Avoiding Your Asthma Triggers

Avoiding or reducing exposure to asthma triggers is an important part of keeping your asthma under control

What Are Asthma Triggers?

Asthma triggers are things outside of the body that cause an asthma episode (attack). In other words, triggers can cause your airways to become swollen, tightened and stuffed up due to extra mucus. What causes an asthma episode in one person may not bother another person with asthma. So, the first step to preventing asthma episodes is to know your asthma triggers and find easy ways to avoid them.

How Can I Find Out What my Triggers Are?

  • Talk to your doctor. He or she will ask you about your environment and may suggest that you have a skin test for allergies.
  • When you have an asthma attack, write down where you were and what you were doing when it happened.

Common Triggers and How to Avoid Them

Pollen and Mildew

  • Use air conditioning in your home and car.
  • When pollen counts are high, try to stay indoors, with the windows closed.
  • Keep bathrooms, kitchen and basements dry and clean.
  • Avoid sources of mold, such as wet leaves and garden debris.

Dust Mites

  • Put airtight covers on mattresses and pillows.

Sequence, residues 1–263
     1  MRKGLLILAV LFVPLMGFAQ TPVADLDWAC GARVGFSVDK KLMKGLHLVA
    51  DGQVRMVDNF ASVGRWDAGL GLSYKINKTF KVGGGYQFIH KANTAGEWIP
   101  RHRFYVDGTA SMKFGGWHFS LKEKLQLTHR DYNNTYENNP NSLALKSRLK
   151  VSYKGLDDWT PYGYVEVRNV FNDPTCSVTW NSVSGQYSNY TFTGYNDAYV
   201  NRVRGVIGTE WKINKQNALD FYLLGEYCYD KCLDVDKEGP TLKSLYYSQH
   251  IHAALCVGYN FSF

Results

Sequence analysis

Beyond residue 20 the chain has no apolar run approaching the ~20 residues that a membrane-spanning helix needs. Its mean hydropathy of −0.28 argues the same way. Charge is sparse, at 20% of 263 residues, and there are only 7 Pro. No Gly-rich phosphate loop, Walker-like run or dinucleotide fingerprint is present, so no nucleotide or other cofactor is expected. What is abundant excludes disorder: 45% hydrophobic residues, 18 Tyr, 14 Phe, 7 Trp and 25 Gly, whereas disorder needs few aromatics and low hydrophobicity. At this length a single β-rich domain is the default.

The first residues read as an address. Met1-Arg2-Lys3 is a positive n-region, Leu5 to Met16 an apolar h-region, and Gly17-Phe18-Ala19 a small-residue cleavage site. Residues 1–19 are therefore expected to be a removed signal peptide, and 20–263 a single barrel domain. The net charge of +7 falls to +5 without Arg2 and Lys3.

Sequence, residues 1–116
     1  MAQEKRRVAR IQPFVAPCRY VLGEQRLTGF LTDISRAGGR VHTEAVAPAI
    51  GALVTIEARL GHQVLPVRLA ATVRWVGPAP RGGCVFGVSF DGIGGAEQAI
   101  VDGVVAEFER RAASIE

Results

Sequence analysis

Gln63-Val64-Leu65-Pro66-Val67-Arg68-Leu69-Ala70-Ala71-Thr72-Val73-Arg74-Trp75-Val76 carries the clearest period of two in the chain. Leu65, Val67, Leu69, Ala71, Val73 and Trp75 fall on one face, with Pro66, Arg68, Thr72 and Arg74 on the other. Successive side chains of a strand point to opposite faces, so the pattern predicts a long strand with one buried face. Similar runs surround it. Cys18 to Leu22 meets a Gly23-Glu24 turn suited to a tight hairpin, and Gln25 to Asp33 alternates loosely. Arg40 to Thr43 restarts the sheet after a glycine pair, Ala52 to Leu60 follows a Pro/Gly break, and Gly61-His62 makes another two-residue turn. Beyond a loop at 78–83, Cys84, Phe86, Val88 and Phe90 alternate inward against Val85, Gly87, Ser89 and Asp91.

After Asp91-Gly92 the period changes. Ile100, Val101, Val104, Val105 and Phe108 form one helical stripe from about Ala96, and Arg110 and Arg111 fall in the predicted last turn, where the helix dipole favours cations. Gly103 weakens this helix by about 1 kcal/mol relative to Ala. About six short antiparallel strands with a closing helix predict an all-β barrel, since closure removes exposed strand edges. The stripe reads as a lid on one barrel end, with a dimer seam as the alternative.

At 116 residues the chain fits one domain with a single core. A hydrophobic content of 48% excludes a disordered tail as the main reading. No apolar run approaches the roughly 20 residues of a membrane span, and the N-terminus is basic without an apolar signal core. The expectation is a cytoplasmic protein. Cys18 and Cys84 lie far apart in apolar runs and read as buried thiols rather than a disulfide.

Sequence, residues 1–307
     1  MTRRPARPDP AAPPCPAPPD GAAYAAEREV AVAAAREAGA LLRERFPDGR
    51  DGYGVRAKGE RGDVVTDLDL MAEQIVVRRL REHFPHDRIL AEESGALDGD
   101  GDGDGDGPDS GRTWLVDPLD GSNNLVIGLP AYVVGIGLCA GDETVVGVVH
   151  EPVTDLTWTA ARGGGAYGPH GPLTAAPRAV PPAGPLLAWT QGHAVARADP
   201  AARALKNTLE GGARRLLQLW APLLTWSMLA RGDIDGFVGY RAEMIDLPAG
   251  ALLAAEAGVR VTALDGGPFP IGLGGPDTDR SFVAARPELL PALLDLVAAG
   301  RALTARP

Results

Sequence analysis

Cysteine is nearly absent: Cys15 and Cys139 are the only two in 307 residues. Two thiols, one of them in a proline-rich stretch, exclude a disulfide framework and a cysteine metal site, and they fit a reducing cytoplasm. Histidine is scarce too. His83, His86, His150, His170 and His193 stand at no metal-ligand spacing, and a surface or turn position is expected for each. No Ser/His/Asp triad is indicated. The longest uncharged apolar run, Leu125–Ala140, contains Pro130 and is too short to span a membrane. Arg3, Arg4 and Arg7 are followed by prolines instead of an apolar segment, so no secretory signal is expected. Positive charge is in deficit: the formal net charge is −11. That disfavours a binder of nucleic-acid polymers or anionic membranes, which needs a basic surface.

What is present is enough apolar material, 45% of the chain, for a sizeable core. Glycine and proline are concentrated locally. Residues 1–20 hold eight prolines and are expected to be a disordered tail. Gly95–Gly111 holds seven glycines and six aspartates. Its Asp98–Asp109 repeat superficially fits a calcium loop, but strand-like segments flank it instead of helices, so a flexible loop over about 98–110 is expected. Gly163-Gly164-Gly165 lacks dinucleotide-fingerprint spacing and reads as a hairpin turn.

• Wash bedding, clothing and stuffed toys in hot water once a week.
  • Avoid using comforters and pillows filled with down or feathers.
  • Ask another family member to vacuum and stay out of rooms being vacuumed.
  • Use a special dust-controlling filter or bag for your vacuum.
  • Replace carpets with vinyl, tile, or wood flooring.


  • Remove feathered or furry pets from your home.
  • Do not allow pets in the room where you sleep.
  • Have your furry pets bathed every week.
  • Try to avoid households that have feathered or furry pets.
  • Ask your doctor what medicine to use before visiting homes or other places where animals are present.


  • Have your home sprayed with insecticide while you are out of the house. Air the home out for a few hours before returning.
  • Use roach traps to control roaches.
  • Keep your kitchen clean and free of uncovered food containers.

Tobacco and wood smoke

  • Do not smoke.
  • Do not allow smoking in your home or car. Ask friends and family to smoke outside.
  • Avoid using wood-burning stoves and fireplaces.

Strong odors and sprays

  • Avoid freshly painted places.
  • Do not use perfume, or perfumed products such as hair spray or room deodorizers.
  • Open windows and use exhaust fans to remove cooking smells.
  • Do not use strong household cleaners.

Colds and infections

  • Avoid people with colds or the flu.
  • Wash your hands often with soap and warm water.
  • Get enough rest, eat a balanced diet, and exercise regularly.
  • Ask your provider if you should have flu shot.


  • Before starting an exercise program, work with your doctor to develop an asthma action plan that allows you to exercise without asthma symptoms.
  • Ask your doctor what medicine to use before exercising.
  • Warm up for 5 to 10 minutes before exercising and cool down for at least 10 minutes at the end of your workout.


  • Wear a scarf over your mouth and nose in cold weather.
  • When air pollution is high, try to stay indoors, with the windows closed.